By Ratna Golaknath
I have worked as a therapist/ counsellor for nearly the last fifteen years. While my life continues to be closely linked with providing support and care to people, I no longer practise chamber room therapy. One among the many reasons for stepping away from therapy was the realisation of the many “lost voices” that never actually reach a chamber room.
There are many documented and undocumented reasons for this, including inaccessible services, lack of information, lack of trained professionals, stigma, fear and isolation of the vulnerable person. However, after stepping away and with the advantage of distance I can hazard a risk that services themselves leave out some groups (unintentionally).
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One of the issues I have been closely involved with has been working on issues of sexual abuse and trauma. And while we are vehemently conscious and aware that young men and boys face the same issues of abuse as do women, our services are driven by a gender lens. All children are at risk, all people are at risk and yet we suffer the overarching bias that will continue to portray a feminised victim and masculinised oppressor. Of course, the context and our own experience of powerlessness and abuse colour our vision, yet the bias exists even if cloaked in appropriate informed jargon.
A few weeks ago, a conversation with a friend brought this concern back to me. For where are the men in therapeutic services and recovery from abuse? To be honest, in my few years of therapy I can count on one hand the male clients who talked about their own experiences of abuse. Of the handful, perhaps only two were able to talk of it directly.
Most of my work was with men as perpetrators of abuse and on containing the violence in relationships. The numbers don’t match, considering the national (much contested) figures suggest 50 percent of all children face abuse and more boys than girls face abuse. This has led to a range of workshops that were designed around issues of masculinity and more nuanced understandings of abuse, however, these interventions have not gathered the same momentum as the women’s movement.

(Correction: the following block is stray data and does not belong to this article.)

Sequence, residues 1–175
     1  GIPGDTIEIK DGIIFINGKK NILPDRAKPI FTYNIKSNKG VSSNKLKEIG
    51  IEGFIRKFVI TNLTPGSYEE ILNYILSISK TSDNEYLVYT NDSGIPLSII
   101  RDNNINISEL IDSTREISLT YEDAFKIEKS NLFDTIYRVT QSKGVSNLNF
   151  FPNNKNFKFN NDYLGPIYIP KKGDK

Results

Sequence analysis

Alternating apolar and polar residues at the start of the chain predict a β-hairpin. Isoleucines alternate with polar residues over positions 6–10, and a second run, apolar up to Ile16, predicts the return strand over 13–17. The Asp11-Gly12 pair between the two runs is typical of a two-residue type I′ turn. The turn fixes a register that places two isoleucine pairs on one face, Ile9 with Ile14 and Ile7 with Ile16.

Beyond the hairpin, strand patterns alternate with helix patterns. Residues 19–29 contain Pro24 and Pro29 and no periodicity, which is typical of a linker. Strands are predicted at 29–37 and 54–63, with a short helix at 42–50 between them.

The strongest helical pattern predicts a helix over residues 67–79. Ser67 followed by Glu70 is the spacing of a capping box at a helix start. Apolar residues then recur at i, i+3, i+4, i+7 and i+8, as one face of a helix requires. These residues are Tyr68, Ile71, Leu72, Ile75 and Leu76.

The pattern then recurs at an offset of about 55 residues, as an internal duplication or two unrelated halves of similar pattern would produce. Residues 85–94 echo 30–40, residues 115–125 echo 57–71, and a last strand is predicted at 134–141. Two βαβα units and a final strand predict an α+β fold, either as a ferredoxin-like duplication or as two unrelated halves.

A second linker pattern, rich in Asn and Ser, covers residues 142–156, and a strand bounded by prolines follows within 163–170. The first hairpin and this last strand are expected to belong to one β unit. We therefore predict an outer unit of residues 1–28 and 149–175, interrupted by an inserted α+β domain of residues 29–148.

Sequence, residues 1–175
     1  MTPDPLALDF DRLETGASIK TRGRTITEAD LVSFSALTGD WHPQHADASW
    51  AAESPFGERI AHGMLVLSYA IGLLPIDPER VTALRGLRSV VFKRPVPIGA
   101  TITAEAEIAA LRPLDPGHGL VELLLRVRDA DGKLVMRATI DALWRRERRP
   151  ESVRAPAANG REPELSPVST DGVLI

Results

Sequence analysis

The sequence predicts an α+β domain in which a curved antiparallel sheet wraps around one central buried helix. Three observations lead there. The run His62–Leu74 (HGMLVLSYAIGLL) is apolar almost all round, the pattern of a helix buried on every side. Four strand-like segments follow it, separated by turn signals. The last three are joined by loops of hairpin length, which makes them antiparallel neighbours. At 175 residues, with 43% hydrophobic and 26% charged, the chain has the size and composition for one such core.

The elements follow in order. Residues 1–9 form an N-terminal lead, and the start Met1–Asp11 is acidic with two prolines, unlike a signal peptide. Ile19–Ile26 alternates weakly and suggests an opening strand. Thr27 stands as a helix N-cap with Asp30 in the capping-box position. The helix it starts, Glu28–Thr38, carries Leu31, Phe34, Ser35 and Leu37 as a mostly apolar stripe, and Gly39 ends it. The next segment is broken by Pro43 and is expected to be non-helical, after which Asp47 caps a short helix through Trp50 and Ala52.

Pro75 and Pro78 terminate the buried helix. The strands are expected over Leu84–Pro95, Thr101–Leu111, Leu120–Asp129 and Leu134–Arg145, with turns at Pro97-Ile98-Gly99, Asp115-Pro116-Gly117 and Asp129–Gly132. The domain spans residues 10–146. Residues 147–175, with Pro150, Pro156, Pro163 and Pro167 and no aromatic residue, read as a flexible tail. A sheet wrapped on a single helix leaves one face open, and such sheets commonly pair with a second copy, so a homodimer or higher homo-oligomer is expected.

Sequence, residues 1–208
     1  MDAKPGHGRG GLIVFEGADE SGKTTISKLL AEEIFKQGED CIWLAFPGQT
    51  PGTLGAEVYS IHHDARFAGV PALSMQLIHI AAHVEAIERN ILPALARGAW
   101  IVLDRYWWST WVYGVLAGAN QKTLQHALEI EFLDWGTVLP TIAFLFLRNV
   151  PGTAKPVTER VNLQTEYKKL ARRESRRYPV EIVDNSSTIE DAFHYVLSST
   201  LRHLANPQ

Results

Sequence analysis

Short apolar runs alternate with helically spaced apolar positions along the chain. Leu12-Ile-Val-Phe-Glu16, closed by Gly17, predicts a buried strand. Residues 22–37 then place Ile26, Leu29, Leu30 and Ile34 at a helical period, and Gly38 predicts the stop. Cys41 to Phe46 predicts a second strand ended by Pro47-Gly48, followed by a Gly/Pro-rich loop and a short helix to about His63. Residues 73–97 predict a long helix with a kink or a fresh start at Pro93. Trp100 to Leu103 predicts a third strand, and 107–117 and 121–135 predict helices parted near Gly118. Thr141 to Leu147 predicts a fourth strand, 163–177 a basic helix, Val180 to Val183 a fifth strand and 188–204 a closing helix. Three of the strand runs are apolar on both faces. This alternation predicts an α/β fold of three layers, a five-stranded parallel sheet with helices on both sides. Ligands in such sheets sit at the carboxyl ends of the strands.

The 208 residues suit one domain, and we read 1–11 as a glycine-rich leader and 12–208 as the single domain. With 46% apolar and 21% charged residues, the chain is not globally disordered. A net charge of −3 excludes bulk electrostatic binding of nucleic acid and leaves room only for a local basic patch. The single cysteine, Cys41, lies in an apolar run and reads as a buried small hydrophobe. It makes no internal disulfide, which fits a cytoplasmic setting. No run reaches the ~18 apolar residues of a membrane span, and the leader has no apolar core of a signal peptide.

Over the years I have heard painful and horrific accounts of abuse, violence and unimaginable situations of hurt from girls and women I have worked with. I have worked through struggles of survival and supported survivors on their journeys of recovery. However, it is my obligation to speak up for the voices I never heard and for whom the struggles are lonely and silent. It is an obligation every one needs to bear — to the voices that are silent, a duty to all children and all people who are unreachable.
Despite the research that suggests that men and boys are just as much at risk of violence and abuse, our services do not reflect the same. Boys and men are absent in most dialogues about inter-personal abuse, sexual abuse and even human trafficking. There can be no denying that the abuse and trauma of boys and young men is under-reported and minimised and therefore under-resolved and under-addressed.
If we need to draw a light to our understanding of male trauma and recovery we need to start by an acknowledgment of the abuse and violence that young boys and men face. The recognition that all abuse has an impact on the way we think, feel and act. We need to recognise that not every abused man turns abuser and not every male is entitled and empowered by his biological gender.
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About the Author:
Ratna Golaknath is a trained cognitive behaviour therapist, who has spent about a decade and a half working with Saarthak in the field of mental health in India.
Views expressed are personal